We (Representative) regret to hear that a child of Mr. Stephen BROWN, of Lilyvale – a little girl of about ten years old – has met with a rather severe accident. The injured child, with an elder sister, it appears went on a visit to Mr. MORRIS, whose farm adjoins that of her father, and during the evening the younger child wandered away from the rest, and was afterwards found insensible with her face covered in blood under a ladder, which she had apparently been climbing. On being brought home it was found the poor child had not sufficiently recovered to be able to give an account of what had happened to her. She was brought into town and examined by one of our local medical men, who ascertained that she sustained injuries of a serious nature on the forehead, which it is feared will leave a life mark.

Friday 12 October 1883

Our telegram of today gave a brief announcement of the death of a Mr. ANDREWS at Salem yesterday. The Field-Cornet, Mr. ATTWELL, examined the body and found a few blue spots on the side, and upon the left foot a flesh wound. The left boot had been torn off and cast about a yard from the body.

An Alexandria correspondent writes: Last night an unfortunate man was drowned in the dam. Early this morning Mr. G. COCK, who lives near, fancied he saw something like a body on the water, and upon examination it was found to be an Englishman known as Sam BROWN. Drink may be given as the cause. This is the second or third case of death by drowning in the dam lately.

The death of the Rev. Mr. James HOYLE, Minister of the Congregational Church in this City, succumbed last evening to the effects of a carriage accident on the day previous.

Monday 15 October 1883

BIRTH at Salem, Oct 6th 1883, the wife of Mr. H.M. HILL of a daughter.

On Thursday morning last (says the Dispatch) a sad and fatal accident happened at Blaney by which a ganger, named Stephen PENBERTHY, in the employ of the Railway Department, lost his life. It appears that the engine and tender of the early train were detached, and slowly returning to their position, when deceased was seen to deliberately walk on to the line, evidently not correctly gauging the pace at which the engine was slowly approaching him. At any rate, before anyone could realise the situation the poor fellow had been run over, his legs being completely severed from the trunk. He was at once placed in a trolley and sent to the hospital at Kingwilliamstown, but died before the trolley reached Breidbach.

Tuesday 16 October 1883

It is our painful duty, writes the Argus of the 12th, to record the death of the Rev. James HOYLE, pastor of the Congregational Church, Caledon-square, from the injuries sustained in the unfortunate carriage accident which occurred on Tuesday afternoon last, and which has been already reported in these columns. Mr. HOYLE, on the occasion of his induction more than twenty months ago, told his new congregation that he was determined to do his best to further the interests of the church. How well he fulfilled that resolve is known, not only to his own flock, but to all the churches of Capetown. The well-filled Sunday schools, the numerous and earnest attenders at the frequent Bible and prayer meetings, the zealously conducted mission work, and the vigorous tone imparted to the public services of the sanctuary, all these speak eloquently of the noble standard of duty which Mr. HOYLE had set up for himself. One of the last tokens of the spirit of energy and enthusiasm which he had succeeded in infusing into his congregation is the fact that a magnificent organ was so recently erected in the church, every penny of its cost being paid up with a promptitude and generosity which was gratifying both to pastor and people. Mr. HOYLE, notwithstanding his somewhat retiring disposition, was especially successful in his dealings with young men, in whose welfare he ever took a warm interest. His advice was being constantly asked for by young men, and not only was it always readily though conscientiously given, but he had the pleasant quality of readily entering into the thoughts, feelings and pursuits of those who sought his counsel, which endeared him to all who had the happiness of coming into contact with him. The family which has been bereaved under such melancholy circumstances consists of a widow, two daughters and a son, the latter at present studying at Cambridge. To these we offer our sincere sympathy in their sorrow, under a calamity which has not only bereft them of a wise and affectionate husband and father, but has deprived a large congregation of a beloved pastor, and this city of one of its most popular and respected inhabitants.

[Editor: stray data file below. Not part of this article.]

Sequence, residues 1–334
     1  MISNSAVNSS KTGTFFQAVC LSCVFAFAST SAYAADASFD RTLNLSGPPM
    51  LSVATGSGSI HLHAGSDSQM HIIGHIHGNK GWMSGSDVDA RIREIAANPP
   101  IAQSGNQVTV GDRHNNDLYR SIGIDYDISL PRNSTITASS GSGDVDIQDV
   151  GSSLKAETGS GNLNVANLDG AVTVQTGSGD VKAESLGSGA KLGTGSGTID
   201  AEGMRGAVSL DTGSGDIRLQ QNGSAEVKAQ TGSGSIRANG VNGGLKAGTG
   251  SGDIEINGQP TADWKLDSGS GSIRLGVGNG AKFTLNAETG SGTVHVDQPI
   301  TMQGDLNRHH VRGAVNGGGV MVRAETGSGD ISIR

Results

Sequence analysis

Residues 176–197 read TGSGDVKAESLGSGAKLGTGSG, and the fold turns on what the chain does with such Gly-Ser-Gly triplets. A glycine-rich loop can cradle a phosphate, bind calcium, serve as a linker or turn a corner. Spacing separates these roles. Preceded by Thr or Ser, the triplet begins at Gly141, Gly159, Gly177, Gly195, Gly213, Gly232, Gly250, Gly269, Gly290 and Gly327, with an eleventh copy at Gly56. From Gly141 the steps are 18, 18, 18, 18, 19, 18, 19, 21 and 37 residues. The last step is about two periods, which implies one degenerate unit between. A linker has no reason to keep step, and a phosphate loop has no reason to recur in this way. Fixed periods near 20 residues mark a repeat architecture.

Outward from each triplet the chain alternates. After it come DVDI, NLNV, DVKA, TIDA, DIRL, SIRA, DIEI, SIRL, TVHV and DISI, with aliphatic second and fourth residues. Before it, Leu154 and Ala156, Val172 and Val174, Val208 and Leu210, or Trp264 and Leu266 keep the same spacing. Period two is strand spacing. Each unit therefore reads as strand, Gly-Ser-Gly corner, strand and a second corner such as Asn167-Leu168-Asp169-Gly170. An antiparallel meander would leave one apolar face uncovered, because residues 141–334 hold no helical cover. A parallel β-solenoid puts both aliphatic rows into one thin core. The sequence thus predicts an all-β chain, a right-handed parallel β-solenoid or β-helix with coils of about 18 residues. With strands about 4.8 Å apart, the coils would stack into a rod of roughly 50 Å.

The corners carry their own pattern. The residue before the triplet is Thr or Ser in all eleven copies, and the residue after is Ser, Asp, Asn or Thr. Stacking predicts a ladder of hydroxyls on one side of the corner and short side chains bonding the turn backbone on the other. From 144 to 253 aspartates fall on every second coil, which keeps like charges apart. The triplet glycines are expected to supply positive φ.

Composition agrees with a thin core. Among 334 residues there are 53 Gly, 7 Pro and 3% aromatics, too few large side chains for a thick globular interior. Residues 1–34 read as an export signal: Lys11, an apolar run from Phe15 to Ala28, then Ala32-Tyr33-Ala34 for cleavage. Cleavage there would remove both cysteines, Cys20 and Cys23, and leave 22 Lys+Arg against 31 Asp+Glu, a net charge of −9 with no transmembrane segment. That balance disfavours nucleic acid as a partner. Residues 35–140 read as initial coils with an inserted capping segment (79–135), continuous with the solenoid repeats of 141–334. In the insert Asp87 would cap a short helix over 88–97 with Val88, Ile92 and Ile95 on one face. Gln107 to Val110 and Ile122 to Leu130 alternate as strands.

Thursday 18 October 1883

The Swellendam Enterprise reports that a little girl aged three years, the daughter of a carrier named [BEEL], was playing with some children when an ostrich came running towards them, whereupon her playmates ran off, leaving the little one behind. She got so alarmed that she went into convulsions, and expired almost immediately after. The ostrich was perfectly harmless.